Lunch - 1


The James Webb Space Telescope

 

Abstract

The James Webb Space Telescope (JWST) will be NASA’s successor mission to the Hubble Space Telescope. JWST is being designed and developed to observe first light objects in the nascent universe, the evolution of galaxies over cosmic history, star birth within our own galaxy, and the processes for planet formation and evolution both in our solar system and in solar systems around other stars. The JWST telescope will have an aperture greater than 6 meters in diameter, and along with its complement of science instruments must be cooled to cryogenic temperatures below 50K. It will be operated at the Sun-Earth L2 point to keep thermal sources such as the Sun and Earth in the same general direction so that their radiation can be shielded by a “tennis court sized” sunshield, allowing the payload to attain these temperatures passively. This presentation will give an overview of the JWST science and systems design and describe the progress made on its development, integration, and testing. The presentation will also describe some of the key engineering challenges facing this “first of its kind” mission.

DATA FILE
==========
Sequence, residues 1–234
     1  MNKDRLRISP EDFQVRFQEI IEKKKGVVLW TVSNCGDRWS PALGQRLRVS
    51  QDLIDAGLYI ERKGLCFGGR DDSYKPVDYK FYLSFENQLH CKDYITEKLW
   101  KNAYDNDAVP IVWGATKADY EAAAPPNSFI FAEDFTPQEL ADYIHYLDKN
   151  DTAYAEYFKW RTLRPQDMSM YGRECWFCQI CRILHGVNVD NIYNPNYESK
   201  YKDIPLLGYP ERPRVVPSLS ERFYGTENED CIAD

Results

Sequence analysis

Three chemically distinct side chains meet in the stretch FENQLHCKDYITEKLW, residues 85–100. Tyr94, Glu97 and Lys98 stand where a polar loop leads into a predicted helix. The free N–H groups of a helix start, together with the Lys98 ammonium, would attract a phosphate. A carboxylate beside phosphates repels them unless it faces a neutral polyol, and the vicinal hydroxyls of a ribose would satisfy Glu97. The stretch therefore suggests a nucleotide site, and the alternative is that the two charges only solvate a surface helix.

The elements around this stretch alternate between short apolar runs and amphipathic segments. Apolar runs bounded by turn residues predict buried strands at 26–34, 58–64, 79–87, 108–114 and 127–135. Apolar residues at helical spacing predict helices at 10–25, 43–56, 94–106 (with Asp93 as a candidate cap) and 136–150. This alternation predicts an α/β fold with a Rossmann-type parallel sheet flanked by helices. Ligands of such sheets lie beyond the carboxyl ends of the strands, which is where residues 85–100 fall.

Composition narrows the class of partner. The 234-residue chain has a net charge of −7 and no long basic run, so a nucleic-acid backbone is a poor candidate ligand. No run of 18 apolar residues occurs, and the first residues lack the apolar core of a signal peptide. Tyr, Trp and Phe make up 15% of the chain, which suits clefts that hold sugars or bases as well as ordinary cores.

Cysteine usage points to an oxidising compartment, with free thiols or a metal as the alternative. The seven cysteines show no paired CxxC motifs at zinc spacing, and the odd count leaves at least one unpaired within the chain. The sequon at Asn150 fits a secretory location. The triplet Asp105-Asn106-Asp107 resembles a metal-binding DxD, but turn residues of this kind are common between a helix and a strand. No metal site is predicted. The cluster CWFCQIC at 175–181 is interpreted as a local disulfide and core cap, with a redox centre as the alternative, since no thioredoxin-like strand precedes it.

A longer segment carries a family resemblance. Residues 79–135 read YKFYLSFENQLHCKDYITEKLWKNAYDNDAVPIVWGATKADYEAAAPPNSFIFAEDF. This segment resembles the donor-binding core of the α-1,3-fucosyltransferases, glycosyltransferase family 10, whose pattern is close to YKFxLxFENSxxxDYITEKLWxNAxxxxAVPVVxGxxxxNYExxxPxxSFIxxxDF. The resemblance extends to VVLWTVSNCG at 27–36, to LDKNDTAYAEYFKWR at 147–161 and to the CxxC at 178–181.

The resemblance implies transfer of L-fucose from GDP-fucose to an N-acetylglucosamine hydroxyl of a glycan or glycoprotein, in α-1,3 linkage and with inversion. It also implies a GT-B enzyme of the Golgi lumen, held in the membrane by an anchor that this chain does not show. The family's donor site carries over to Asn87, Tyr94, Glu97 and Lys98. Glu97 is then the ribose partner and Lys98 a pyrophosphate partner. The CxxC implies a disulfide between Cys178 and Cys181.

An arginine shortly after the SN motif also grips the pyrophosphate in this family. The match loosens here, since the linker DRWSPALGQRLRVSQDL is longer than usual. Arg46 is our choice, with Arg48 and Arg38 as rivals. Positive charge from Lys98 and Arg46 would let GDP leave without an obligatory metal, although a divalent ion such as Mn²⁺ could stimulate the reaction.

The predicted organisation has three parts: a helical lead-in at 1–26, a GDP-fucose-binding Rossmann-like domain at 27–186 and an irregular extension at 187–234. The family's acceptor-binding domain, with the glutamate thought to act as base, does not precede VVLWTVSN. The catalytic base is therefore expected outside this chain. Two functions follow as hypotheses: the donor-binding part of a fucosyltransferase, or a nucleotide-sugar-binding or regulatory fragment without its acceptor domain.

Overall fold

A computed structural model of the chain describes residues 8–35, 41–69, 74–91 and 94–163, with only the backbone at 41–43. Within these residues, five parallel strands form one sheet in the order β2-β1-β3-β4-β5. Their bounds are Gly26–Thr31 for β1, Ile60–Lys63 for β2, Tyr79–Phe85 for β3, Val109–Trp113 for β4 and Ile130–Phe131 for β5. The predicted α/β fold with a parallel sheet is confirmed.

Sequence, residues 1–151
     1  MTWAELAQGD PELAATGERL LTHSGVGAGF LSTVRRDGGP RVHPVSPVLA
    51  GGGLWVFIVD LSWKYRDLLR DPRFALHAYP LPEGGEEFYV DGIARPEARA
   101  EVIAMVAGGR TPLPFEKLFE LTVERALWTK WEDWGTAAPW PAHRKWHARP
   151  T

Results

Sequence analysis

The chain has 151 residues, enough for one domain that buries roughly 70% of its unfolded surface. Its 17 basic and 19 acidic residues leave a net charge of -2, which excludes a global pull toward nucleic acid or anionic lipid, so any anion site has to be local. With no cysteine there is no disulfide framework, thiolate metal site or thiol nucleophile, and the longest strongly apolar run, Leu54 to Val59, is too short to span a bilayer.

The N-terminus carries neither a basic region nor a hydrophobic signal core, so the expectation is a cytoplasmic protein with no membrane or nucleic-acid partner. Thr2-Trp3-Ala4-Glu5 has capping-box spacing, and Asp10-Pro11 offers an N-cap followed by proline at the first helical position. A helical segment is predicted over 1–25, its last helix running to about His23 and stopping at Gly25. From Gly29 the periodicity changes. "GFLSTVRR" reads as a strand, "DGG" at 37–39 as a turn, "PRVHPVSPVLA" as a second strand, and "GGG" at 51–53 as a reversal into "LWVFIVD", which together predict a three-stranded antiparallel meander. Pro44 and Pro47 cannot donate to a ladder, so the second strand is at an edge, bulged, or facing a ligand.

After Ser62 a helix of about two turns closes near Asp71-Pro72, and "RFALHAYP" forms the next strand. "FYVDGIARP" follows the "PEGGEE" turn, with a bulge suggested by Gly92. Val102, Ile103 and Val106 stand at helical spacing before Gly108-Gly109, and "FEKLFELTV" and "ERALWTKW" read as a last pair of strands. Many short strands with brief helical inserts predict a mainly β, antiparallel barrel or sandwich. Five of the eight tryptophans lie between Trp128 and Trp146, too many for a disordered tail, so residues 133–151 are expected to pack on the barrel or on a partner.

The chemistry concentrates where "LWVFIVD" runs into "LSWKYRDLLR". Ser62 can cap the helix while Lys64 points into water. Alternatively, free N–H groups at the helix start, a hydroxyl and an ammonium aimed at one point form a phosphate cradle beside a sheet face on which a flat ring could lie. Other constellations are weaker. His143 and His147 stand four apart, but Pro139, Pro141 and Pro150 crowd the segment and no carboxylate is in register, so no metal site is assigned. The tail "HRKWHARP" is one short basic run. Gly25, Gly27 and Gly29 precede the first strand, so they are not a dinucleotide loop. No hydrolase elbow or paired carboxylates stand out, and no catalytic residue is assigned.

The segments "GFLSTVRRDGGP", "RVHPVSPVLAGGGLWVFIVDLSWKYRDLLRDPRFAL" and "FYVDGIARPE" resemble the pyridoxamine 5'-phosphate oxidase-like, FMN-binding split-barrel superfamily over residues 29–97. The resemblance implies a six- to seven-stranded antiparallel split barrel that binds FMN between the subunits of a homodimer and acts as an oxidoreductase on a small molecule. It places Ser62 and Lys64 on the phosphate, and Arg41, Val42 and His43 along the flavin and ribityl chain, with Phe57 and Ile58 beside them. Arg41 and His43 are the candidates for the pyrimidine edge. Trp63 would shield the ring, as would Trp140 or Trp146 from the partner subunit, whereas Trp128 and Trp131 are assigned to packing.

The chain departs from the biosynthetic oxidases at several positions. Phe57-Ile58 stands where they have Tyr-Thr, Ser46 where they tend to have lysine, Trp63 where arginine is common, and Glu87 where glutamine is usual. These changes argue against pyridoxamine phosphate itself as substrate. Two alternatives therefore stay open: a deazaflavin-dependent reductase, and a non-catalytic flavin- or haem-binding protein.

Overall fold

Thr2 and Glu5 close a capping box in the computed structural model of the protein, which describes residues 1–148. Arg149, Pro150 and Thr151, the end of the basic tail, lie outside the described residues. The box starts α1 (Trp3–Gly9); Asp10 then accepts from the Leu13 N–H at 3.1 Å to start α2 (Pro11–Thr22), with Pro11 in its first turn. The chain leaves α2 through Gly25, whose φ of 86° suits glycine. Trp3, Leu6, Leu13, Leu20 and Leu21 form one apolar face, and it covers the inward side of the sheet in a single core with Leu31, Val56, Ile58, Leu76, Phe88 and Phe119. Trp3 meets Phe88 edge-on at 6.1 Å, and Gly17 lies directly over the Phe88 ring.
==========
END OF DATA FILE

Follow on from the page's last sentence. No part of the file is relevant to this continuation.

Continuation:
Session Date and Time: 
Monday, October 9, 2017 - 12:00 to 13:40
Session Location: 
Ballroom
Session Chair: 
Speaker: Michael Menzel, James Webb Space Telescope - Mission Systems Engineer